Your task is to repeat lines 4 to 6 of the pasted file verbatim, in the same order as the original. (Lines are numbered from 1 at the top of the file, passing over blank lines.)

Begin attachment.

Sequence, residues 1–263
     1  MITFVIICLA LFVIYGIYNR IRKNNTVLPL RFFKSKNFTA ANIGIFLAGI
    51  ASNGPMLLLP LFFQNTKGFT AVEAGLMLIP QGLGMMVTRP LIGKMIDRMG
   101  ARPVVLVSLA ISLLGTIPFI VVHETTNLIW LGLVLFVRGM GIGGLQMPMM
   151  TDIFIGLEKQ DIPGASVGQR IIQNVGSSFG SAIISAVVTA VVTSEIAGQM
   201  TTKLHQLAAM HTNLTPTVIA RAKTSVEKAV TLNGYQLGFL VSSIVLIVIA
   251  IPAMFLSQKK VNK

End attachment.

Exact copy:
   101  ARPVVLVSLA ISLLGTIPFI VVHETTNLIW LGLVLFVRGM GIGGLQMPMM
   151  TDIFIGLEKQ DIPGASVGQR IIQNVGSSFG SAIISAVVTA VVTSEIAGQM
   201  TTKLHQLAAM HTNLTPTVIA RAKTSVEKAV TLNGYQLGFL VSSIVLIVIA